In March 1996, N.R. Acquisition submitted a claim for $8,871,416 to the government on the grounds that DRMS had not been forthcoming on how much hazardous material was aboard the ex-USS Coral Sea with a caveat that this could be reduced to $3,726,416 if the “no export” clause was waived and permission granted to finish the job in Asia. The $8 million claim was rejected outright and the idea of scrapping the carrier in China or India was shunned by the Pentagon.
In September 1996 Seawitch as a company and its CEO as an individual, were indicted by a federal court. The corporate violations were the Clean Air Act (for mishandling asbestos), the Oil Pollution Act (for allowing fuel and lubricants to leak off the ship), and illegal dumping (for workers just throwing debris overboard). The CEO was indicted on fraud.
In August 2000, five years later than planned, the ex-USS Coral Sea job ended. Needless to say nobody involved looked good. Seawitch, unsurprisingly, went bankrupt. As far as the government, it had a much harder time disposing of warships – especially WWII warships – as fellow shipbreakers actually quietly agreed with N.R. Acquisition’s allegation that the federal government had sold “a bag of worms” full of hidden profit-busters. Shipbreakers were hesitant to bid at all on WWII warships.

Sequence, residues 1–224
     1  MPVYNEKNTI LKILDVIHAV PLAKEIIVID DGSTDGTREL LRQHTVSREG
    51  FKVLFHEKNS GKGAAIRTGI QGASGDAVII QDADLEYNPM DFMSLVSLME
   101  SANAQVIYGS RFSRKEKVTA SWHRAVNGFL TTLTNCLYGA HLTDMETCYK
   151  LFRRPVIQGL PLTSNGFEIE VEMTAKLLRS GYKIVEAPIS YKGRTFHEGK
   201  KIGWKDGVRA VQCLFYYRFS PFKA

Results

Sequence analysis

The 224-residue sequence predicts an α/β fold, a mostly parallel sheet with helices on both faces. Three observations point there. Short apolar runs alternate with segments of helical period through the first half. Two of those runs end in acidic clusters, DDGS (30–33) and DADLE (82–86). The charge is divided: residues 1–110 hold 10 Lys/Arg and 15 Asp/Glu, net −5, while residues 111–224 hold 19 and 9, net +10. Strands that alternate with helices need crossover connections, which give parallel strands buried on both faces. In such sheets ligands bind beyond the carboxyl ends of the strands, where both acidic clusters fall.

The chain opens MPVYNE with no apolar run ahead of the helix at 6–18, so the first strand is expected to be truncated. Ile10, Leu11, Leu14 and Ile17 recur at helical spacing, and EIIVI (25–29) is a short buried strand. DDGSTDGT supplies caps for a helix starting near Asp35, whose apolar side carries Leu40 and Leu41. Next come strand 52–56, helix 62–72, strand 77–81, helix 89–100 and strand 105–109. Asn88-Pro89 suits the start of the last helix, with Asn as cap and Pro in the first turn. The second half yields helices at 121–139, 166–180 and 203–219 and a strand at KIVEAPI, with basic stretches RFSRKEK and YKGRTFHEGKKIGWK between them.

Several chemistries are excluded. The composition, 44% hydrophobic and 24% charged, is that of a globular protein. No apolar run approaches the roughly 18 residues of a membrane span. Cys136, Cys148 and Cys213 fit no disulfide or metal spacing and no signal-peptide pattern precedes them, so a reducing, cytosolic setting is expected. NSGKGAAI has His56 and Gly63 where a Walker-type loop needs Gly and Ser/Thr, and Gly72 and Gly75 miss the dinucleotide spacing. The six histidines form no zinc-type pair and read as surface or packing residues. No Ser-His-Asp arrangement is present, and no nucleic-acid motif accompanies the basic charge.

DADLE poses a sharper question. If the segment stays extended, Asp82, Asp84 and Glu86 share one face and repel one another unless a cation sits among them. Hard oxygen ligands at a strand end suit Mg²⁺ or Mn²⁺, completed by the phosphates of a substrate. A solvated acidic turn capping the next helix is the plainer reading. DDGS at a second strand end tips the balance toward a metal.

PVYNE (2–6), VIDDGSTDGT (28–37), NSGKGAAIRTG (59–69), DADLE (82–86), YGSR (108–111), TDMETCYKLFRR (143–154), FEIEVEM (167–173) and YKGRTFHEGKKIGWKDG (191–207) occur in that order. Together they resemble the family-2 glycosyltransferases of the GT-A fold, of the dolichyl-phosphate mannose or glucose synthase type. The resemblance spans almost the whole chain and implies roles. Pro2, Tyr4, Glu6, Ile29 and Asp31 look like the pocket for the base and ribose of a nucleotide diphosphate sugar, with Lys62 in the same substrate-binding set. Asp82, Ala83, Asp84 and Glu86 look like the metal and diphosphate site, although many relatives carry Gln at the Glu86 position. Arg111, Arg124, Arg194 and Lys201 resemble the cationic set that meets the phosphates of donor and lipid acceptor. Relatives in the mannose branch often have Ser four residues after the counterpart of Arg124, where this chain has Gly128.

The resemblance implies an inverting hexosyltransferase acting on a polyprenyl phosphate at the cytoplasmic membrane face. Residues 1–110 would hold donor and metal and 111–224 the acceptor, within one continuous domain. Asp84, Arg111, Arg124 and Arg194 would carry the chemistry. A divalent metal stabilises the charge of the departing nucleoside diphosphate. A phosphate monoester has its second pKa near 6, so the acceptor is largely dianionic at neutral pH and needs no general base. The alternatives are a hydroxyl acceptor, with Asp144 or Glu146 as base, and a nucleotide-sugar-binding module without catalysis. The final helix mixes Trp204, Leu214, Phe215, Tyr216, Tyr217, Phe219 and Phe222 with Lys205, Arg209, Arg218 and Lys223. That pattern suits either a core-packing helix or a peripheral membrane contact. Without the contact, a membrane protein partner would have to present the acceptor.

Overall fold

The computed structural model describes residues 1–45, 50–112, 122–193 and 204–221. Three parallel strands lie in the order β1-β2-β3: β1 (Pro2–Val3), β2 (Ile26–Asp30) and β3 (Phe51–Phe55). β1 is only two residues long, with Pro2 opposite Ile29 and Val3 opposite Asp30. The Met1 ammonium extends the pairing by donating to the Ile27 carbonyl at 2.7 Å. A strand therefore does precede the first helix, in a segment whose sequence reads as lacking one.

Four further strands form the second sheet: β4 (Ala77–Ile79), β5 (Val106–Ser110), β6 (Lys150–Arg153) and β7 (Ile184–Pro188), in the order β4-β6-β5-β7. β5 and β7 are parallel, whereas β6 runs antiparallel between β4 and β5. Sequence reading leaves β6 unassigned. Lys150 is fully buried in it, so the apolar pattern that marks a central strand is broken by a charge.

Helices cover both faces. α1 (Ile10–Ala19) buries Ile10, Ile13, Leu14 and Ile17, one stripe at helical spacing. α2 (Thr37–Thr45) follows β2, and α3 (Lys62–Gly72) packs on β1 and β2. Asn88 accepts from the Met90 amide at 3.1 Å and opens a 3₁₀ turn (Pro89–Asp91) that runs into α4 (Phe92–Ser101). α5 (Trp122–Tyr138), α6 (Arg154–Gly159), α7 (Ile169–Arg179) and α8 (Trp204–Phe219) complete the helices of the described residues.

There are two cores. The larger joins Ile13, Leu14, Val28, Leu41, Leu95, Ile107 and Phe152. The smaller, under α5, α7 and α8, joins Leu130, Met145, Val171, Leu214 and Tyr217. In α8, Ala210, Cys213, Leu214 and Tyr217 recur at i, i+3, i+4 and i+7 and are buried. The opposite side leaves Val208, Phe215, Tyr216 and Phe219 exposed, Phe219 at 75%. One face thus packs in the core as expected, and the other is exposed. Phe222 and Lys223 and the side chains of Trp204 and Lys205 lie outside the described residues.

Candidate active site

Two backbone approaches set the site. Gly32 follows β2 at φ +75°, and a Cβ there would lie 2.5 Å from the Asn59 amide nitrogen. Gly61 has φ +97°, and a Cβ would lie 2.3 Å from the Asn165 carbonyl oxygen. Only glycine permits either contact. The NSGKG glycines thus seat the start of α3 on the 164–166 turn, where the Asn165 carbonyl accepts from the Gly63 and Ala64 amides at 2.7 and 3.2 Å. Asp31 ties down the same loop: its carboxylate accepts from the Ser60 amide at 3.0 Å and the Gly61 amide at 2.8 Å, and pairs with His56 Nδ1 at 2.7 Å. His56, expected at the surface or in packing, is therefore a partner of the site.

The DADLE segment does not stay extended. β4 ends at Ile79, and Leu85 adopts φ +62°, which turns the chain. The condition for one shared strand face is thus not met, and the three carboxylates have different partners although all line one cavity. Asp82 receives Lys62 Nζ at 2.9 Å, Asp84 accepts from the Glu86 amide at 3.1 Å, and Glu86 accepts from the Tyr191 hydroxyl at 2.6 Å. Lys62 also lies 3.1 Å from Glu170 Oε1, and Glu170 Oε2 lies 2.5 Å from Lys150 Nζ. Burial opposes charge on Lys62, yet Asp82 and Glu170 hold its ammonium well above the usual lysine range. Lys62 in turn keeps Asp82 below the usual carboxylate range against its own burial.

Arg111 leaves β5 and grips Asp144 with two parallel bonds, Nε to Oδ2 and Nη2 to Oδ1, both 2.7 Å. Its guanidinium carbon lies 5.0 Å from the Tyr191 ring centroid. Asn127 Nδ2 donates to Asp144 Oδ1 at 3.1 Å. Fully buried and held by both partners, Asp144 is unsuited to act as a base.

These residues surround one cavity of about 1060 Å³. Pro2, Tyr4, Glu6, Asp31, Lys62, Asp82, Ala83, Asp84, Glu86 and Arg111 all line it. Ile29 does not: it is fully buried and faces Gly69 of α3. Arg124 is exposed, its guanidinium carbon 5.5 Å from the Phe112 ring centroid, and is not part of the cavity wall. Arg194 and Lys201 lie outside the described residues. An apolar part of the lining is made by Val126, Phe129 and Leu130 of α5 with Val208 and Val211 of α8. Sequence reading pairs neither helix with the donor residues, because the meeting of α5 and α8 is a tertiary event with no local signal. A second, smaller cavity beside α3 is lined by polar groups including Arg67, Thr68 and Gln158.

Aircraft carriers especially became like kryptonoite. While the well had gone dry for remaining WWII carriers, the ex-USS Coral Sea made it exceedingly hard to find anybody to scrap modern Cold War-era flattops. The ex-USS Forrestal (CV-59), the first post-WWII carrier, was sold to a shipbreaker for 1¢ in 2013, as was the ex-USS Saratoga (CV-60) a year later.